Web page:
To obtain a license to practice medicine in the United States, osteopathic medical students must pass the Comprehensive Osteopathic Medical Licensing Examination (COMLEX), the licensure exam administered by the National Board of Osteopathic Medical Examiners throughout their medical training. Students are given the option of also taking the United States Medical Licensing Examination (USMLE) to apply for certain residency programs who may want USMLE scores in addition to COMLEX scores. Those that have received or are in the process of earning an MD or DO degree are both eligible to sit for the USMLE. Because of their additional training, only DO candidates are eligible to sit for the COMLEX. Upon completion of internship and residency requirements for their chosen medical specialty, holders of the DO may elect to be board certified by either a specialty board (through the American Medical Association's American Board of Medical Specialties) or an osteopathic specialty board (through the American Osteopathic Association Bureau of Osteopathic Specialists certifying boards) or both. In February 2014, the American Osteopathic Association and the Accreditation Council for Graduate Medical Education agreed to unify allopathic and osteopathic graduate medical education starting in 2020. Depending on the state, medical licensure may be issued from a combined board (DO and MD) or a separate board of medical examiners. All of the 70 state medical boards are members of the Federation of State Medical Boards. Retired MD and U.S. Air Force flight surgeon Harriet Hall stated that DOs trained in the U.S. are doctors of osteopathic medicine and are legally equivalent to MDs. "They must be distinguished from 'osteopaths', members of a less regulated or unregulated profession that is practiced in many countries. Osteopaths get inferior training that can't be compared to that of DOs."


International variations


Currently, there are no osteopathic medical programs located outside of the United States that would qualify an individual to practice as an osteopathic physician in the United States. Foreign osteopathic degrees are not recognized by any state in the US as being equivalent to American DO degrees.


International practice rights


The International Labor Organization (ILO), an agency of the United Nations, issued a letter affirming that U.S.-trained osteopathic physicians are fully licensed physicians who prescribe medication and perform surgery. The acknowledgment draws a clear separation between American DOs, who are medical doctors, and non-physician osteopaths trained outside of the United States. Within the international standards that classify jobs to promote international comparability across occupations, U.S.-trained DOs are now categorized with all other physicians as medical doctors. This event took place in June 2018 and started a relay of events and opened doors for DO's as more countries started to understand and give full recognition to US trained medical doctors with the D.O. degree, e.g. the Association of Medical Councils of Africa (AMCOA) approved a resolution in 2019 granting the AOA’s request that AMCOA recognize U.S.-trained DOs as fully licensed physicians with practice rights equivalent to MDs, opening its 20 member countries, which include Botswana, Gambia, Ghana, Kenya, Lesotho, Liberia, Malawi, Mauritius, Namibia, Nigeria, Rwanda, Seychelles, Sierra Leone, South Africa, South Sudan, Swaziland, Tanzania, Uganda, Zambia, and Zimbabwe to DO's. (Note: Some of the member African countries of AMCOA had independently licensed DO's before; however, this recognition unifies those who did or did not). Furthermore, DOs may work internationally with any humanitarian organization such as the World Health Organization and Doctors Without Borders. The following is an international licensure summary for US-trained doctors of osteopathic medicine, as listed by the American Osteopathic Association:''Frequently Asked Questions regarding International Licensure'', Council on International Osteopathic Medical Education & Affairs, American Osteopathic Association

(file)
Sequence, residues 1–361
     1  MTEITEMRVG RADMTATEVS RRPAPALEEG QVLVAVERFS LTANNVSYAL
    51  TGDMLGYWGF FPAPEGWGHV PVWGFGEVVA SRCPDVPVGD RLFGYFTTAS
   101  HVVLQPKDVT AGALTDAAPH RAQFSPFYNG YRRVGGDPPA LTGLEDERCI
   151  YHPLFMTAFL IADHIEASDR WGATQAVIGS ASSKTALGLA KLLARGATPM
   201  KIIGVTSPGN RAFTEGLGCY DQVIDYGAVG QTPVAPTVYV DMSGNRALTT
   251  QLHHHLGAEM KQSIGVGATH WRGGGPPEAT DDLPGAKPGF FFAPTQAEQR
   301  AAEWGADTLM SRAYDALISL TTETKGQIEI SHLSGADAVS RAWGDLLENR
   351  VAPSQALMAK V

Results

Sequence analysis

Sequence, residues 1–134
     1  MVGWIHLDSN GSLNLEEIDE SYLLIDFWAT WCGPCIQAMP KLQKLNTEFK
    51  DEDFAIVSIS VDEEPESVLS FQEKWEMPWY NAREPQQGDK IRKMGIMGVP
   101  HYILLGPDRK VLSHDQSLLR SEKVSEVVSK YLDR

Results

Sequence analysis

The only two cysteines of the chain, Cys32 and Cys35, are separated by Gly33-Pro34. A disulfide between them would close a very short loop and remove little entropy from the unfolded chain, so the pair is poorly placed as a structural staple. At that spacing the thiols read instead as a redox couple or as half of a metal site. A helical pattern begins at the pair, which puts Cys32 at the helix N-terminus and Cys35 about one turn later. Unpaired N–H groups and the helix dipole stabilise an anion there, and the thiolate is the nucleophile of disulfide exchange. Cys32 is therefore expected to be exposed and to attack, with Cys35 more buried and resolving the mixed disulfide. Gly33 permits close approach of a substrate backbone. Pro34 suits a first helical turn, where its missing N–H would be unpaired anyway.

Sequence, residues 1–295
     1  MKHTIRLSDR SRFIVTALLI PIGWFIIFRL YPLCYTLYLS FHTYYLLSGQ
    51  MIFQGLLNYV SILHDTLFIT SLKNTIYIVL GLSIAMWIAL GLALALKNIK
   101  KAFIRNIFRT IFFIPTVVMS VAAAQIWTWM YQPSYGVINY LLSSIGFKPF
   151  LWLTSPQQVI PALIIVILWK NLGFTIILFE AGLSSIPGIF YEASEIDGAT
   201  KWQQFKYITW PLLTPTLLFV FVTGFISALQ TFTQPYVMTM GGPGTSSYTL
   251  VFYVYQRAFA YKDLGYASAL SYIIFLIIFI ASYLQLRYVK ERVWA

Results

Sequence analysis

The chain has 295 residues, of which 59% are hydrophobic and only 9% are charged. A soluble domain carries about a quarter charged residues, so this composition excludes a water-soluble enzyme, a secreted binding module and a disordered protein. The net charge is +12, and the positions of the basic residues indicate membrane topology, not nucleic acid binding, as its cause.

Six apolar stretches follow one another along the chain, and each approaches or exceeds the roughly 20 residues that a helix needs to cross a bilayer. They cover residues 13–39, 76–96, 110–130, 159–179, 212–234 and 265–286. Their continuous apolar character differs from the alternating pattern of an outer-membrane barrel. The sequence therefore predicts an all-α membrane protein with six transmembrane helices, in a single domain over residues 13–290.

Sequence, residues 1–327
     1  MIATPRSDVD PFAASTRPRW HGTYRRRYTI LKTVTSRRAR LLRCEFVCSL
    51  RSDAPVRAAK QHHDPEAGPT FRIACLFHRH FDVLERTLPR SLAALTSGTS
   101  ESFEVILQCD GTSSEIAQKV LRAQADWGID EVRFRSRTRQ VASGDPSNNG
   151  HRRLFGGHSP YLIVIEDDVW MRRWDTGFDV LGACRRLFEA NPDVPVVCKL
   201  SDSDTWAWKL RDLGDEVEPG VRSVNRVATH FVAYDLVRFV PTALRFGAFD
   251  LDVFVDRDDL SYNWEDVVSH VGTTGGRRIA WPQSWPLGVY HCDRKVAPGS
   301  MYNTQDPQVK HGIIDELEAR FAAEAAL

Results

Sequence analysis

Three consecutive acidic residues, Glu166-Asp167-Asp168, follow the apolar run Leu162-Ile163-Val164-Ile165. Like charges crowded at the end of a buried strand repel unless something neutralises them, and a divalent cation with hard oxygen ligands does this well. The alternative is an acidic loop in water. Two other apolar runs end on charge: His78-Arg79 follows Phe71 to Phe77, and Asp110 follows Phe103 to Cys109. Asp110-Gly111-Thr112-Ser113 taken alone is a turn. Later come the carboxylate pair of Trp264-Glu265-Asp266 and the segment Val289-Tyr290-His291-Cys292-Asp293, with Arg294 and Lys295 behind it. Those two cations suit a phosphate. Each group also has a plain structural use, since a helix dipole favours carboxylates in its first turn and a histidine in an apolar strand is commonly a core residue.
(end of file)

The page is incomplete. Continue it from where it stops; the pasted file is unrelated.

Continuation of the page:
Contact information listed.


See also

*Comparison of MD and DO in the United States * List of medical schools in the United States


Notes and references




External links


One DO's description on "What Is A DO?"


{{DEFAULTSORT:Osteopathic Medicine Category:Academic degrees in healthcare Category:Doctoral degrees Category:Academic degrees of the United States Category:Medical degrees Category:Osteopathic medicine